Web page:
(ATF) Hong Kong: Investors piled into risky assets on hopes the United States will unveil fresh stimulus measures but concerns about volatility reined in gains as people are mindful about the potential for problems in the transition of power after the US elections.
“Hopes that a US fiscal stimulus package could be just around the corner, in addition to upbeat US data, is driving demand for riskier assets,” Fiona Cincotta, a market analyst with City Index, said.
“Additional fiscal stimulus could be just around the corner in the US after US Treasury Secretary Steve Mnuchin said that talks are progressing very well. He offered a $1.6 trillion package and said that an understanding could be reached today (Thursday). Signs of upcoming fiscal relief in the world’s largest economy is boosting risk appetite and the risk on trade, supporting stocks as reflected by rising equity markets and US futures and demand for riskier currencies.”
The election outcome could be delayed or worse – contested, leading to an escalation in political instability and greater market volatility, Eastspring Investments analysts said.
“The election outcome could take weeks to process and the final tallies may change significantly after election day as a result of absentee and mail-in ballots that arrive after in-person ballots are counted. Second, recounts and legal disputes may result in a failure to produce a legitimate result, leading to an escalation in political instability and uncertainty. Third, a contested election is also possible in which it is not decided by the popular vote or Electoral College but requires the intervention of the US Congress or Supreme Court to determine the outcome. For these reasons, we expect to see increased market volatility in the coming weeks,” Kelvin Blacklock, head of Eastspring Portfolio Advisors at Eastspring Singapore, said.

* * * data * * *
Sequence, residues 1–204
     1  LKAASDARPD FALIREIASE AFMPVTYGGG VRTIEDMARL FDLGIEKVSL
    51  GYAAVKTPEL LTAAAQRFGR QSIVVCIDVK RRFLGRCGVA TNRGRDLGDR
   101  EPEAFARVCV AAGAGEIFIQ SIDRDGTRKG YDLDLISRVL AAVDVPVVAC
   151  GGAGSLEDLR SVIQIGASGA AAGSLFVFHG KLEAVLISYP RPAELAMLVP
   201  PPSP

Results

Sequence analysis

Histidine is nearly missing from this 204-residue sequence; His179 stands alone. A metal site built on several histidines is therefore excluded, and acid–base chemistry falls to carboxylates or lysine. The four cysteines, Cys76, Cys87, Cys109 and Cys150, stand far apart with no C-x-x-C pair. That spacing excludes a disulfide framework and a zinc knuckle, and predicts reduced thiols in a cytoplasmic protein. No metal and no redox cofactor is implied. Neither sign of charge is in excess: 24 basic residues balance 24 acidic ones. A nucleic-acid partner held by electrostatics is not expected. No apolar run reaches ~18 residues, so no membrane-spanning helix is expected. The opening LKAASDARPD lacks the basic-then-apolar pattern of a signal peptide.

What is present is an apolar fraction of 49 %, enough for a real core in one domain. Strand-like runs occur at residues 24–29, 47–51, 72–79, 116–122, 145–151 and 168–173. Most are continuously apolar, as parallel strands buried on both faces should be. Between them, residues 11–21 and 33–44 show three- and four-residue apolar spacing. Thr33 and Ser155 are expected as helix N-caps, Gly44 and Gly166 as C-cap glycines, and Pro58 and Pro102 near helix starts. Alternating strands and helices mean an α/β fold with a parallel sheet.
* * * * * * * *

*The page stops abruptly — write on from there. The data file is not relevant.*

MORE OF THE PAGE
Risk of gridlock
Macro research firm BCA Research said in a report there was a risk of gridlock following the November US elections.
“A Biden White House and a Republican senate would result in policy paralysis, which would hurt a fragile economy. The only way to get more support to the economy when it needs it next year would be via acute market pressures. Thus, in this outcome, stocks would be much more vulnerable than in our base case scenario,” they said in a note.
Trading volumes were truncated as China, South Korea, Taiwan and Hong Kong were shut for holidays.
The British pound tumbled, ending a three week run of straight gains on reports the Brexit talks were failing.
And Japanese stocks stopped being traded after a technical glitch forced the suspension of all share trading in Japan. The Tokyo Stock Exchange said trading would be halted all day and that it was not sure when it can recover its systems.
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· Japan’s stock market suspended trade after a technical glitch
· Australia’s S&P ASX 200 advanced 0.98%
· The MSCI Asia Pacific index added 0.23%.
Stock of the day
Indonesian developer Alam Sutera bonds fell by 1-2 points after Fitch lowered its rating to C from CCC on the view that the proposed exchange constitutes a distressed debt exchange. Its 2022 bonds fell a point to 58 cents on the dollar.